Astronomical Diary
Last Quarter New Moon First Quarter Full Moon
Sep 3
10:37 AM
Sep 10
2:01 AM
Sep 17
7:15 AM
Sep 25
10:52 AM
Current Condition X-ray Solar Flares

Speed: 334.7 km/sec
Density: 4.2 proton/cm3
More Data: ACE, DSCOVR

Explanation | More Data
Updated: Sep 03 at 0439 UT

***The sun is blank-- no sunspots.

Credit: Solar Dynamics Observatory(SDO)/Helioseismic
and Magnetic Imager (HMI).
Daily Sun: 02 Sep 18
6-hr max: A1 2244 UT Sep02
24-hr: A1 2244 UT Sep02

Explanation | More Data

Updated: Sep 02
at 2359 UT
Time (PST) of rise and set of some planets at 10-day interval
Rise Set Rise Set Rise Set Rise Set Rise Set
Sep 8 4:57 AM 5:28 PM 8:43 AM 8:15 PM 3:24 PM *2:34 AM 10:07 AM 9:35 PM 1:21 PM *12:38 AM
Sep 18 5:36 AM 5:51 PM 8:31 AM 7:55 PM 2:52 PM *2:05 AM 9:34 AM 9:01 PM 12:42 PM 11:55 PM
Sep 28 6:09 AM 6:08 PM 8:10 AM 7:28 PM 2:24 PM *1:40 AM 9:03 AM 8:28 PM 12:04 PM 11:17 PM

* = following day
Astronomical Events September 2018

The equinox is the only time when the solar terminator (the "edge" between night and day) is perpendicular to the equator. On an equinox, day and night are of approximately equal duration all over the planet. They are not exactly equal, however, due to the angular size of the sun and atmospheric refraction.

Autumnal equinox will occur on September 23 at 9:54 a.m. Hence, thereafter, Philippine nights will be longer as the Sun moves below the celestial equator towards the southern hemisphere.

Figures 2 & 2a represents the position of the Earth and Sun during Solstices and Equinoxes.

Figure 2
(click to view image)
Figure 2a
(click to view image)
Stars and Constellations
Stargazing during the month will give a fine display after sunset and before sunrise of celestial bodies such as stars and constellations. The famous Summer Triangle of the stars Vega, Deneb and Altair of the constellations Lyra, Aquila and Cygnus respectively, is well placed above the eastern horizon, as shown in Figures 1 & 1a. This month, the rich band of constellations and stars along the Milky Way from the constellations Cygnus, the Swan, in the north, to Sagittarius and Scorpius in the south, begin to give way to fainter constellations, many of them with watery associations such as the constellations of Capricornus, the Sea Goat, Aquarius, the Water Bearer and Pisces the Fish. The famous asterism Teapot in the sky of the constellation Sagittarius can be observed at about 40° to 45° above the south southeastern horizon as also shown in the Figures.
Figure 1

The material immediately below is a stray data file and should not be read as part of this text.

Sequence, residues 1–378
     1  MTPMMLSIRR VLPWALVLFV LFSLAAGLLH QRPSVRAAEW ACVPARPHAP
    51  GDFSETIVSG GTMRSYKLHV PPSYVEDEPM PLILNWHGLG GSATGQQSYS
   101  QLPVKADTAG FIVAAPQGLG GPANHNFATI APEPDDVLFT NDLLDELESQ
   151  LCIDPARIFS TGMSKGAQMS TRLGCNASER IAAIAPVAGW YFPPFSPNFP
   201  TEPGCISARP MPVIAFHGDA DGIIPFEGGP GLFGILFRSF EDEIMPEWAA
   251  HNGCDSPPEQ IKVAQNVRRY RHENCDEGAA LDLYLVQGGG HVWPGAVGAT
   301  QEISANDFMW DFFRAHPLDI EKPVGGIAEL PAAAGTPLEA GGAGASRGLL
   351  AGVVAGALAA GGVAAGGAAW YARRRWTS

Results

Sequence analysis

(click to view image)
Figure 1a
(click to view iamge)
Planets Whereabout
On September 1 at 1:00 AM, Mercury, the nearest planet to the Sun will be found 11° above the east-northeastern horizon and will lie among the stars of the constellation Leo, the Lion shining with a -0.8 magnitude.

At 7:00 PM of the same date, Venus and Jupiter, will be seen dazzling brightly at magnitude -4.71 and -1.90 and will be located at about 25° and 43° high in the western horizon, respectively. Venus will lie among the background stars of the constellation Virgo, the Virgin, while Jupiter, the largest planet in the solar system, will be positioned among the stars of the constellation, Libra, the Scale.

Planets Mars and Saturn can be observed at an altitude of about 34° and 52° in the south southeastern horizon. They will be found among the background stars of the constellation Sagittarius, the Archer shining at magnitudes -2.10 and +0.30, respectively. The Saturn system holds more than 60 satellites or moons, of which seven (7) glow brightly enough to show through moderate-aperture telescopes. Saturn’s Titan, the largest and brightest satellite, which shines at magnitude +8.4 can be easily seen through any optical instrument. It orbits Saturn once every 16 days.

At 11:00 P.M., Neptune will be located 62° above the southeastern horizon among the background stars of the constellation Aquarius, the Water-Bearer with a magnitude of + 7.82. Meanwhile, its fellow gas giant, Uranus, will be seen standing at about 28° in the eastern horizon glowing feebly at magnitude +5.70. It will lie among the background stars of the constellation Aries, the Ram. Observing Neptune and Uranus will require a binocular or a telescope and a starmap under dark and clear sky condition.

Figure 4 shows how to compare apparent magnitudes of celestial bodies such as planets and stars.
Figure 3
(click to view image)

September 2018
8 Neptune at opposition 2:00 AM
8 Moon at perigee (nearest distance to Earth = 361,354 km) 9:00 AM
13 Venus 10° S of Moon 7:00 PM
18 Saturn 2° S of Moon 11:00 PM
20 Moon at apogee (farthest distance to Earth = 404,874 km) 9:00 AM
23 Autumnal Equinox 9:54 AM